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rich disliked it because they could be brought to trial even by appeals of the common men who had been subservient to them for centuries. The police system of the British was not effective by that time. The people always felt insecure of their property, life and honour. The most affected part of British administration was the revenue system. Under the British the peasants and the landlords suffered equally. The peasants had to pay heavy revenue taxes. The landlords were devoid of their special privileges. The British excluded the Indians from all high civil and military jobs. So the educated Indians who expected to get gainful employment in the service of the company were disappointed. Economic Causes : The economic exploitation of the country, the huge drain of wealth and the disappearance of the native industries dislocated the economic life of the people in India. The British crippled Indian trade and manufacture. They imposed heavy protective duties in Britain while British goods were imported into India at a nominal duty. The machine made British goods flooded the Indian markets and ruined Indian manufacture. With the disappearance of the old aristocratic Zamindars and rulers, the Indian artisans and craftmen lost their patronage. The Indian weavers and handicraftsmen were forced to work according to the desires of the servants of the company. They in return received very little wages. Naturally they lost their interest. It destroyed the cotton textile industry of India which was the largest and most beneficial industry. Thousands of people who held administrative posts under the Indian rulers were deposed. Loss of employment affected others who were dependent on those employees for their livelihood. Lord Bentinck’s resumption of rent-free tenures reduced the landowners to poverty. The out-break of seven famines in the first half of the nineteenth century made the economic distress more acute. Social Causes : The British regarded the Indians as an inferior race. They exhibited racial arrogance. They showed contempt in their dealing with the Indians. The Indians could not travel in first class train compartments. They were kept away from all social gatherings. They were not allowed to mix up with the English men. The conservative section of the Indians were alarmed by the rapid spread of Western culture and English education in India. Measures like the suppression of Sati and female infanticide, remarriage of widows and the right of inheritance to Christian converts offended the Indian orthodox sentiments. 39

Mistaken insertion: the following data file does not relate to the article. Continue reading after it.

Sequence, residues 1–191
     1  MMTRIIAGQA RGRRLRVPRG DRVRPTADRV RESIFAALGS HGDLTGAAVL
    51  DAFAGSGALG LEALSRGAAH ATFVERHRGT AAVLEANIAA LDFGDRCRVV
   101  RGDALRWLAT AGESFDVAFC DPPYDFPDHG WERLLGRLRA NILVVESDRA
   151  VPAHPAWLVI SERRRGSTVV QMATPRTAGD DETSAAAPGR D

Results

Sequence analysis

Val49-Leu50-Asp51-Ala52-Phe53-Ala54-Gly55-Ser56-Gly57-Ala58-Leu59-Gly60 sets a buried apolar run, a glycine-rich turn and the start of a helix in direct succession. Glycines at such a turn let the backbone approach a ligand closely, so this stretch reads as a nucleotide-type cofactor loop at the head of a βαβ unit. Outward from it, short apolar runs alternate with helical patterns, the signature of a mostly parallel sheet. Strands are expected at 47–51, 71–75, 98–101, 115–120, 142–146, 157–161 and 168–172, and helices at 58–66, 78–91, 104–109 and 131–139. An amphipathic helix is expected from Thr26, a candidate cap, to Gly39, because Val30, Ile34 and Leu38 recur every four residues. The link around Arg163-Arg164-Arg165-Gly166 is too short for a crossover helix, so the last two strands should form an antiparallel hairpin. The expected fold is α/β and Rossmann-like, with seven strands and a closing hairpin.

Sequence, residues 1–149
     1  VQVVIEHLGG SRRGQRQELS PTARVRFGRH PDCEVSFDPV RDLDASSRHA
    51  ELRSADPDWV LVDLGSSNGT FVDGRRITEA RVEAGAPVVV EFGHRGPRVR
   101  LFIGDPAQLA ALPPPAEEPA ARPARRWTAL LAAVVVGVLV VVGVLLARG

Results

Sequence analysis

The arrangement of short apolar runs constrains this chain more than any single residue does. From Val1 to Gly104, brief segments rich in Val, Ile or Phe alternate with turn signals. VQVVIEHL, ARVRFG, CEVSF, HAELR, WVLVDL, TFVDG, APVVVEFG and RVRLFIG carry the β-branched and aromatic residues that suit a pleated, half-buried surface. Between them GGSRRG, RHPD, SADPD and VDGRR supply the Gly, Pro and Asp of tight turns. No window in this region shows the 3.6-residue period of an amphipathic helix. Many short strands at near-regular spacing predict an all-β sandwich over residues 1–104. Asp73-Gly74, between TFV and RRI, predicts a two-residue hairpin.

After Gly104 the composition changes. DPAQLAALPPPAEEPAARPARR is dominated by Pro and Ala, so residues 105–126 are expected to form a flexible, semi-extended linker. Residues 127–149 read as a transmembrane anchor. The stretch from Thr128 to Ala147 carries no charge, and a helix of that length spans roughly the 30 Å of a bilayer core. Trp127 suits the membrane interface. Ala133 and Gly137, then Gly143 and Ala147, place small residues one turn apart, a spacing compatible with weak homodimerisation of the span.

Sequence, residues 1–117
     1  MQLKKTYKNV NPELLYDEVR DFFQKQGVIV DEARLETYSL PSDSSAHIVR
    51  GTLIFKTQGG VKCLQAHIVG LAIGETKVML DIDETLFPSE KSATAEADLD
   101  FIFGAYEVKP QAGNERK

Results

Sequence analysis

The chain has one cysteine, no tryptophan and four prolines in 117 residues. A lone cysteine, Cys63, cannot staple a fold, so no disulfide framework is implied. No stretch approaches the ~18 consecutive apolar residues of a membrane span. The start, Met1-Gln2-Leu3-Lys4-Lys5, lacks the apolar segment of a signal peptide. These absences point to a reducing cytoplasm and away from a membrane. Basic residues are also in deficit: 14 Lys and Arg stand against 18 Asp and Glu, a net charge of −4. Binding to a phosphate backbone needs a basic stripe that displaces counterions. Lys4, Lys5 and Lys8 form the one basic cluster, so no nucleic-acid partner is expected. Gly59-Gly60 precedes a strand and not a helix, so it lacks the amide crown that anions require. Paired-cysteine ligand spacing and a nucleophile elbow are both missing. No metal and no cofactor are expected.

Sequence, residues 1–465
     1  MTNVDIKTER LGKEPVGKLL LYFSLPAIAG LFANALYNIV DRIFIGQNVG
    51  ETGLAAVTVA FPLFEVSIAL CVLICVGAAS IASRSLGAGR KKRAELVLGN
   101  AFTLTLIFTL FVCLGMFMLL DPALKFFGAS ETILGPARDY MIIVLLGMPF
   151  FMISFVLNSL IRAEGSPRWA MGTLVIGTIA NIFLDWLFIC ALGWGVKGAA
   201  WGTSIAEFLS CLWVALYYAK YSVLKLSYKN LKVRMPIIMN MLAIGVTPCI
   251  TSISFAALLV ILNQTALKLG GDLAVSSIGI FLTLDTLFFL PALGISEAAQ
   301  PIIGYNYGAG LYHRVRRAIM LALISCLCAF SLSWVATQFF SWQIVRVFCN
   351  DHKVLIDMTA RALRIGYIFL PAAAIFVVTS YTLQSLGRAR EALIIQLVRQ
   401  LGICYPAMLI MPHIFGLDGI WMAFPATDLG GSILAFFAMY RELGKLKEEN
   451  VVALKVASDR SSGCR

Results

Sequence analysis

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Religious Causes : The Christian missionaries were active in propagating Christianity. These activities created a sense of fear in the minds of the Indians. They suspected that the British were out to destroy their religions and convert India into a Christian land. R.D. Mangles, a member of the British Parliament, declared openly that ‘Every British must try his utmost to convert every Indian to Christianity and the banner of Christ should wave triumphant from one end of India to the other. This declaration created a great anger and disbelief against the British rule. Religious sentiments were aroused when the British imposed taxes on the lands belonging to temples and mosques. The priests and the maulvis showed their discontent against the British rule. All these activities made the British unpopular. Military Causes : The Indian soldiers were called the Sepoys. They constituted the majority of the British army in India. In fact, the sword of the British power rested on the loyalty and strength of these Indian Sepoys. But they were treated with contempt and made to feel inferior by the British. They were paid less than their British counterparts. The Indian sepoys had no chance of promotion in the army. They were prohibited from their traditional religious practices like wearing a saffron mark on their forehead, growing beard and wearing turbans. Lord Cannings’ Government passed in 1856, “The General Services Enlistment Act”. It compelled the Indian Sepoys to serve abroad, if there was need. They had to cross the seas. It made them angry against the British. Immediate Cause : The immediate cause was the introduction of new enfield rifles by the British. The cartridges were greased by animal fat. The bullets had thick covering which had to be bitten off before loading. Believing that the fat of cow and pig had been used to grease these cartridges both the Hindu and Muslim sepoys refused to use them. They thought that this would offend their religious tradition because the cow is sacred to the Hindus and the pig is detestable to the Muslims. On 29 March 1857 at Barrackpore, near Kolkata, Mangal Pandey, a young Indian Sepoy from Bengal Regiment, refused to use the greased cartridge, and shot down his sergeant. He was arrested, tried and executed. When this news spread many sepoys started the revolt. 40